In the photo above, you can just make out the "ER" on the tail of the mangled, upside-down Piper Seminole in the foreground. This mess - a twin-engine Piper Seminole entangled with a single-engine Piper Arrow - was caused by an F2 tornado that struck the Daytona Beach airport and the adjacent Embry-Riddle flight line on Dec. 25, 2006. (In an ironic twist of fate, the tornado tore off part of the administrative building, Spruance Hall, to reveal a message spray-painted on a steel beam that said "Merry Christmas" dated Dec. 25, 1986.)

Though it was a sad event that ultimately resulted in $50 million worth of damage to the school, for a meteorology student, it was downright fascinating. Science in action! I remember my professors piecing together the evidence on campus as they debated whether the destruction was indeed caused by a tornado or instead by a microburst.

Although I'm not a physicist, I did study physics as a part of my meteorology degree and have a deep appreciation for those who can make math and physics digestible for any audience. Here, I'll try to do the same for you. Happy reading!

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Friday, October 15, 2010

Space Tourists: Reaching Past the End of our Brick

One of my favorite poems, which my grandmother used to tell me, was A.A. Milne's The Four Friends. Partly I was tickled that I and the snail in the poem shared the same name, but more than that, I loved the odd grouping of a massive elephant, powerful lion, bumbling goat and tiny James the snail.

Ernest was an elephant, a great big fellow,
Leonard was a lion with a six foot tail,
George was a goat, and his beard was yellow,
And James was a very small snail.

Leonard had a stall, and a great big strong one,
Earnest had a manger, and its walls were thick,
George found a pen, but I think it was the wrong one,
And James sat down on a brick

Earnest started trumpeting, and cracked his manger,
Leonard started roaring, and shivered his stall,
James gave a huffle of a snail in danger
And nobody heard him at all.

Earnest started trumpeting and raised such a rumpus,
Leonard started roaring and trying to kick,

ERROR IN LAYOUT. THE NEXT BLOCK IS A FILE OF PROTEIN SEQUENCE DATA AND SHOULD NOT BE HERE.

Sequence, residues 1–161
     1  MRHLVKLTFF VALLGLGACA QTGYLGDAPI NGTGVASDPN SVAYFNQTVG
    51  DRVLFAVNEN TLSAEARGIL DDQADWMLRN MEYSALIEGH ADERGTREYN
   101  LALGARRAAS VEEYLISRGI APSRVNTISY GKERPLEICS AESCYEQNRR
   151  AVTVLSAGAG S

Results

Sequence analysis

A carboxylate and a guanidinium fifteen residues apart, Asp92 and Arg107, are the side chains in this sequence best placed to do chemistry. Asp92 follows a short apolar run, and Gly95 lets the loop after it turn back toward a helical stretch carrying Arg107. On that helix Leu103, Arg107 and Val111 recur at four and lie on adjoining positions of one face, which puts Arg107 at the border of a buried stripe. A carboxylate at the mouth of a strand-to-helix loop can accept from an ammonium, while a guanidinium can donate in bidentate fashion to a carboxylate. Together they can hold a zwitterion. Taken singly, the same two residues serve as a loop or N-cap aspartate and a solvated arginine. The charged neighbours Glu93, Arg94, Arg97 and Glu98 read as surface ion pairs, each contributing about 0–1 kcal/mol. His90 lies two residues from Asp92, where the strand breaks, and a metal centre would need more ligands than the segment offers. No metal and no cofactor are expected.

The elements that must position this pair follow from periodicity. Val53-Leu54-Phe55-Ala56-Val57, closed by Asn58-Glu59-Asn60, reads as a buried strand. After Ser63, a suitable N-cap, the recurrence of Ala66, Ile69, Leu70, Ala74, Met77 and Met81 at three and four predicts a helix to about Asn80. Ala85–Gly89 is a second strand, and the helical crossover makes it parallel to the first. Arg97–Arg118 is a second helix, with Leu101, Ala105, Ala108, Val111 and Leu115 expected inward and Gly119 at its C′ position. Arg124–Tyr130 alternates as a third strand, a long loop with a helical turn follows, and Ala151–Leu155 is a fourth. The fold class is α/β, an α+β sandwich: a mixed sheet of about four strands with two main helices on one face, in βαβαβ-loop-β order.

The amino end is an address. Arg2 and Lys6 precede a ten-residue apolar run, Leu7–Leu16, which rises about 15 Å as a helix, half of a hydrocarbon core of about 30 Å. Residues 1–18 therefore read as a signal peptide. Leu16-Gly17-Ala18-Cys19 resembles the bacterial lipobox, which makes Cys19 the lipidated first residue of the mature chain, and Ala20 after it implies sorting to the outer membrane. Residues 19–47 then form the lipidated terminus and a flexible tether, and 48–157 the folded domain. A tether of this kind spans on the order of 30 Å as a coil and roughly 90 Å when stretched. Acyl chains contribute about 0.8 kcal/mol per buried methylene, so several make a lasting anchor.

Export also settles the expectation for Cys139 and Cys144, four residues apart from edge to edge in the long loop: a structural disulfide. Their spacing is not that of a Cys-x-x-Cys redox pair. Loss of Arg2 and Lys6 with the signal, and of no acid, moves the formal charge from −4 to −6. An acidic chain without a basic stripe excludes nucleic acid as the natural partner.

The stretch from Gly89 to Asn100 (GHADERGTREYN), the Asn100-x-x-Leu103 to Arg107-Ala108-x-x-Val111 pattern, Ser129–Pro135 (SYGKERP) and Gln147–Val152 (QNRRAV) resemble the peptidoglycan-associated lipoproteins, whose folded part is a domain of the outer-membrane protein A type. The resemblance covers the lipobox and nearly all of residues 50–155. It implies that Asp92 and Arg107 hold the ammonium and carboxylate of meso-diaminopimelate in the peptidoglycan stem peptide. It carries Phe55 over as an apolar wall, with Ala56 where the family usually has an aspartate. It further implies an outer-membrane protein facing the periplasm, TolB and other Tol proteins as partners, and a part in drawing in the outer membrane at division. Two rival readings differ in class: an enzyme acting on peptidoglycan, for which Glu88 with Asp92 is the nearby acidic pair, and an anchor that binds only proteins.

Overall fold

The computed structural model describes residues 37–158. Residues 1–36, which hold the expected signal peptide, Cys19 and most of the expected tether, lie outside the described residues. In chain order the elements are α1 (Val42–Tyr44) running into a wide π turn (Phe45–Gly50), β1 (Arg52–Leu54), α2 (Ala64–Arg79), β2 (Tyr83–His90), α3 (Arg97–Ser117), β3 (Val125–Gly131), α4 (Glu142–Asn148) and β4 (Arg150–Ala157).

James went on a journey with the goats new compass
And he reached the end of his brick.

Ernest was an elephant and very well intentioned,
Leonard was a lion with a brave new tail,
George was a goat, as I think I have mentioned,
but James was only a snail.

For the snail, a journey to the end of his brick was clearly an awesome odyssey, requiring a compass to keep him on course. What an amazing accomplishment for that little fellow.

Now former astronaut Buzz Aldrin, among others, is doing his best to encourage all of us to travel to the end of our brick, by which I mean take a trip into low Earth orbit. The first few travelers aboard Virgin Galactic's spacecraft will only make suborbital trips about 100 kilometers high, but some day soon they hope to offer tourists extended stays a couple hundred kilometers up.

Sounds like a lot of fun, if you don't mind a bit of radiation exposure. Of course, anyone who tans on the beach has made an informed choice to accept the risk of radiation (in the form of ultra violet light) for beauty and relaxation. So I imagine plenty of people would take on similar risk to head to orbit, although there's no tan from space travel to impress your friends with.

The thing that amuses me about the venture is the insistence of Aldrin and other space tourism proponents on using grand terms like Star Traveler rather than space tourists. They will, after all, barely step off of the planet. Low orbit travelers will circle the planet at a distance equivalent to about one percent of the Earth's diameter. It might give them a cloudless view of the stars, but it hardly qualifies them as traveling among the stars.

Maybe this is just the beginning, you might argue. Low Earth orbit today, and to the stars tomorrow!